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Ethics and war challenge biologists

Despite low turnout, ideals and impassioned discussion dominate AIBS meeting.

Eugene Russo(erusso@the-scientist.com)

War with Iraq created both logistical difficulties and a new layer of relevance for this year's annual American Institute of Biological Sciences (AIBS) meeting, held March 21-23 in Arlington, Va. Titled "Bioethics in a Changing World," the meeting brought together a small group of ecologists, plant biologists, organismic biologists, environmental scientists, and others to discuss ethical issues that impact their work and respective fields.

According to Gene Likens, AIBS immediate past-president and director of the Institute for Ecosystem Studies, meeting organizers consciously chose to focus on topics other than the usual biomedical ethics fare of stem cells and cloning. Instead, they examined issues of particular interest to AIBS members: analysis and reporting of data, public dissemination of scientific information, training the next generation of scientists in bioethics and ethical use of land.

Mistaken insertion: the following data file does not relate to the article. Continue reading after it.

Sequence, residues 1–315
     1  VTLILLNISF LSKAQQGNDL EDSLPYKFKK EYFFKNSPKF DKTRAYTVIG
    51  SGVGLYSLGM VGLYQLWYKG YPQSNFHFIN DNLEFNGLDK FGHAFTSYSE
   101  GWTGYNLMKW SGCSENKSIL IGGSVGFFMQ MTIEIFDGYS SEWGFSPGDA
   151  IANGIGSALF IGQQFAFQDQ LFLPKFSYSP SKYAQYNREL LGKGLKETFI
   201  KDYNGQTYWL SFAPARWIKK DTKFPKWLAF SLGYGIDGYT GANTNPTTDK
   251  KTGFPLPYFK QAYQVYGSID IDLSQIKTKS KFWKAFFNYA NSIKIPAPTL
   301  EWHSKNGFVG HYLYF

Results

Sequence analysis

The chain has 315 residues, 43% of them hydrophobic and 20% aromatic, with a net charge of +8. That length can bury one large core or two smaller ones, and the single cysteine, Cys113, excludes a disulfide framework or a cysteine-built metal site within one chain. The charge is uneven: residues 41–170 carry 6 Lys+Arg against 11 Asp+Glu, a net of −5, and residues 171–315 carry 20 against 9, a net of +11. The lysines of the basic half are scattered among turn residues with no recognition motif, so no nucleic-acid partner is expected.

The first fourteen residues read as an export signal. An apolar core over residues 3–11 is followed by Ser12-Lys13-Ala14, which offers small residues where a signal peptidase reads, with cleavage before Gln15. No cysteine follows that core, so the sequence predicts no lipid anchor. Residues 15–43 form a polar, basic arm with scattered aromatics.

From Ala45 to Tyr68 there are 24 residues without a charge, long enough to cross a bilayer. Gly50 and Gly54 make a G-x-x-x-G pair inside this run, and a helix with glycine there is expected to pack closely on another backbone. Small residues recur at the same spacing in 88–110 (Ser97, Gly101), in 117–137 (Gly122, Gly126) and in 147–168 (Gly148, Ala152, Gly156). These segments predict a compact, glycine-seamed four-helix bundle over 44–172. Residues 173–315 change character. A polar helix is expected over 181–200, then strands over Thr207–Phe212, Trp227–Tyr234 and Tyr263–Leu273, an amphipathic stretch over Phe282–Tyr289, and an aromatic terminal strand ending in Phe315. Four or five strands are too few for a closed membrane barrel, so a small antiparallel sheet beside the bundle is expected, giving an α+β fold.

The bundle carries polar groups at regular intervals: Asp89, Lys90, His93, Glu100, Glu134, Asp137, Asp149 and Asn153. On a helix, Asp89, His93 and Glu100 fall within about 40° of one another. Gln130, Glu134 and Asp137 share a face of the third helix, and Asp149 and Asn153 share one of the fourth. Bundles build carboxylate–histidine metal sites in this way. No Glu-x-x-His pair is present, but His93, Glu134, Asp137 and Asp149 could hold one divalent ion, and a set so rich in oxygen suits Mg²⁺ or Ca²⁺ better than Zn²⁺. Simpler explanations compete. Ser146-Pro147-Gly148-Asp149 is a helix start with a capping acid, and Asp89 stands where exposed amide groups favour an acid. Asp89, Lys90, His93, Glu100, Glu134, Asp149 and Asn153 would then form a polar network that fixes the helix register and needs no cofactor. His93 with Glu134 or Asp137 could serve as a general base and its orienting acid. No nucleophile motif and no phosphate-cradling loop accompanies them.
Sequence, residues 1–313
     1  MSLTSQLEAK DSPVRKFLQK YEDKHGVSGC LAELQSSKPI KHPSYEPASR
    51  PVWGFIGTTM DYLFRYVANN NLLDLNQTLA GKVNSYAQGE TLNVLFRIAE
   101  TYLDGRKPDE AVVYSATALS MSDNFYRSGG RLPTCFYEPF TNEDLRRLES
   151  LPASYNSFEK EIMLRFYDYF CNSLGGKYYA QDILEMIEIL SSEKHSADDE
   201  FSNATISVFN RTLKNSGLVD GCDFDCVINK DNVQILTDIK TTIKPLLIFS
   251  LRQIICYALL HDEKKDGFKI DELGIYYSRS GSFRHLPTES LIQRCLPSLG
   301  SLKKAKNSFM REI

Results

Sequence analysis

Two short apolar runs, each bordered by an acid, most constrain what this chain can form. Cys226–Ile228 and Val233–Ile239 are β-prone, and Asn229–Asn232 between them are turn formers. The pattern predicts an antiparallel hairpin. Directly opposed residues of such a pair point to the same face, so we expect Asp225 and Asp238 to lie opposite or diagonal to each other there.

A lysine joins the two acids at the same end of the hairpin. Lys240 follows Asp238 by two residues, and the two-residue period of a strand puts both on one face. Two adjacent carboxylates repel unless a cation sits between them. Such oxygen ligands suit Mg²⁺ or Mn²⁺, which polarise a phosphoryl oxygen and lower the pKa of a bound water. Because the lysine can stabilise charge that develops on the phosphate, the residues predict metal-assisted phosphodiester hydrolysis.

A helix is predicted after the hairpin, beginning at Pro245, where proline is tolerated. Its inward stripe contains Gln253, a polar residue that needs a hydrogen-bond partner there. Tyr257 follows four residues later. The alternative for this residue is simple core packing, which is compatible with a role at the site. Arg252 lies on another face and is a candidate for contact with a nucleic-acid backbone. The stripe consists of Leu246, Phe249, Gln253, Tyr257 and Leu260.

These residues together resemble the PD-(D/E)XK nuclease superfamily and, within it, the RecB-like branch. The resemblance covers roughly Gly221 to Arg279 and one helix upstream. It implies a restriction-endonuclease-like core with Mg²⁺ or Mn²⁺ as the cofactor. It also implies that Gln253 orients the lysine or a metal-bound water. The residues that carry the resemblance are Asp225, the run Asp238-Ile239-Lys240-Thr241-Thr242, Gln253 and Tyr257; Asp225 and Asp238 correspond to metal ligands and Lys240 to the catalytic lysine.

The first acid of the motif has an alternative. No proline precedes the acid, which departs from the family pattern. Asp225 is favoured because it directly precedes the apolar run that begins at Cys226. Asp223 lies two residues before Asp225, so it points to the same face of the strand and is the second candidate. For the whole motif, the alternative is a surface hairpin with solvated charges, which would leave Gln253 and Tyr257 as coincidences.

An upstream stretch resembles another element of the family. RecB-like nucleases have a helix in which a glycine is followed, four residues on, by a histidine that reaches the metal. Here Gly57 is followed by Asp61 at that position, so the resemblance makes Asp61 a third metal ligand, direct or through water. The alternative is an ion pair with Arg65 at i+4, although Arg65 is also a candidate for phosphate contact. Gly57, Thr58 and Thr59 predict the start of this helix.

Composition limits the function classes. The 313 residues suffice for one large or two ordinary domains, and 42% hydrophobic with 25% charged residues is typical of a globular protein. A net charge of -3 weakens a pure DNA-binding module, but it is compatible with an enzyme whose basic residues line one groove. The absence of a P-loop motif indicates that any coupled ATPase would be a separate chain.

Executive director Richard O'Grady noted that convincing biologists that bioethics was an important meeting topic, relevant...

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